The severity of the hearing defect can be measured in several ways. While the main procedure involves how well a subject responds to a normal speech or whispers, the tests are segregated into mainly two categories.
The first procedure involves tests on how difficult it is for the patient to maintain constant speech intensity and secondly, it is tested whether the patient is particularly impaired at a certain frequency range. All of our clinics have modern techniques that involve producing sounds of several frequencies and pitches and thus manually detecting the problem.
Now, to ascertain the results from above tests, the audiologist measures hearing levels with earphones that measure air conduction in the ear canal and sound produced by a small vibrator placed on the head of the patient. This sound generally bypasses the middle ear and eardrum and it becomes convenient to measure the sound waves that directly hit the cochlea and the overall hearing efficiency.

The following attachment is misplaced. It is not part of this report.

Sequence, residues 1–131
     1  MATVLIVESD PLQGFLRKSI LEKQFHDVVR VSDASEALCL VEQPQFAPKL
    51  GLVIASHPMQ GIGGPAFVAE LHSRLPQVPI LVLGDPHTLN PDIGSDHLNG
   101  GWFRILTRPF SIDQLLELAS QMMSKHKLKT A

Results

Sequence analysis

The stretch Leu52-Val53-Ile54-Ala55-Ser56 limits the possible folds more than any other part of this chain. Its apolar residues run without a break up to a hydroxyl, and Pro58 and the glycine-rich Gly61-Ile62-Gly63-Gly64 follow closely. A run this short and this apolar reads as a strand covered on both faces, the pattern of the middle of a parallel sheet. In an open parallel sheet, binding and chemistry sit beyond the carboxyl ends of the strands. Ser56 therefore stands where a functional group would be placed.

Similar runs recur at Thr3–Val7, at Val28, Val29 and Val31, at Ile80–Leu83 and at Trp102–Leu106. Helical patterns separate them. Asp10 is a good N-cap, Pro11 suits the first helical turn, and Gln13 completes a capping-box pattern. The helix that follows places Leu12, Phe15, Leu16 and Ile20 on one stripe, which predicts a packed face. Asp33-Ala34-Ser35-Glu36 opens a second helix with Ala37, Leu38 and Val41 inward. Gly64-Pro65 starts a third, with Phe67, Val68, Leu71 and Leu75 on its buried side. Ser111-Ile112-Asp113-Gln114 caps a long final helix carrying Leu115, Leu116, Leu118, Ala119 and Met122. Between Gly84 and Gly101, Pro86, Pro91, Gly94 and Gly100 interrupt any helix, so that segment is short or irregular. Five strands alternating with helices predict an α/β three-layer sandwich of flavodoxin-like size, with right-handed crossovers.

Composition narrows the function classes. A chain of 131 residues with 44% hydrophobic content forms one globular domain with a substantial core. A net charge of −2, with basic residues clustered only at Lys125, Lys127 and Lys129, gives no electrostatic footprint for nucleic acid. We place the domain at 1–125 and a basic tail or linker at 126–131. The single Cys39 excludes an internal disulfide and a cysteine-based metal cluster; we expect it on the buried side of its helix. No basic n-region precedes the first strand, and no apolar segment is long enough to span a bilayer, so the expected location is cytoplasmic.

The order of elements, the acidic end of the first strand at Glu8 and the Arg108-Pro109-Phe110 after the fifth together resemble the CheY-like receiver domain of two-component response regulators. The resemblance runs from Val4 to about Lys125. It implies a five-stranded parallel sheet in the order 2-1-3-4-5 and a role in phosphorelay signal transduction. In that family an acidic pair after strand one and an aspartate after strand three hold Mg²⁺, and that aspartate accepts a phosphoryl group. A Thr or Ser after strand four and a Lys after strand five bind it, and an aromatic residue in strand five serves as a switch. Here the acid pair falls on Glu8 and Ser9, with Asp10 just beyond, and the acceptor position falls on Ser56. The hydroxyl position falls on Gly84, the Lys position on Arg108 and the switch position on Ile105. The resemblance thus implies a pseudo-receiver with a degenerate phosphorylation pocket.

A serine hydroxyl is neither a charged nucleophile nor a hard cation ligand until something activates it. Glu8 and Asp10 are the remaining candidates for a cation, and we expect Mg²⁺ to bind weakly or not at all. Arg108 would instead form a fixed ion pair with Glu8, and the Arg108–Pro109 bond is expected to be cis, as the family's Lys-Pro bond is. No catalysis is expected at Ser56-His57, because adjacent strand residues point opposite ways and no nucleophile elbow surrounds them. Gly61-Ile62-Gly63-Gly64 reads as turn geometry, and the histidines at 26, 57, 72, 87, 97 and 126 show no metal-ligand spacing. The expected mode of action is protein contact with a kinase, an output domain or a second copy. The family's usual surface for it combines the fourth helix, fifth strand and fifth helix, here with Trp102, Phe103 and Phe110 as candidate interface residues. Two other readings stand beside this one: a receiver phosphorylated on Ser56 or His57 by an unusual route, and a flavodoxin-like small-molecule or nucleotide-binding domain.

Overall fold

The earphone produces tones of varied frequencies and each of them is tracked. Generally, it has been found that hearing loss exists for high frequency tones, but measurements are taken for all levels. The hearing loss is measured in decibels (dB HL).
After the hearing tests are complete, the results will be plotted on a graph showing the response to various frequencies that has been experimented with.
Mild hearing loss (26 – 40 dB HL)
Patients will find it difficult to hear soft sounds and undertones in noisy backgrounds
Moderate hearing loss (41 – 55 dB HL)
Difficult to follow speech with background noises
Severe hearing loss (71 – 90 dB HL)
Extremely difficult to follow conversations
Profound gearing loss (above 90 dB HL)
Hearing gets impossible without hearing aids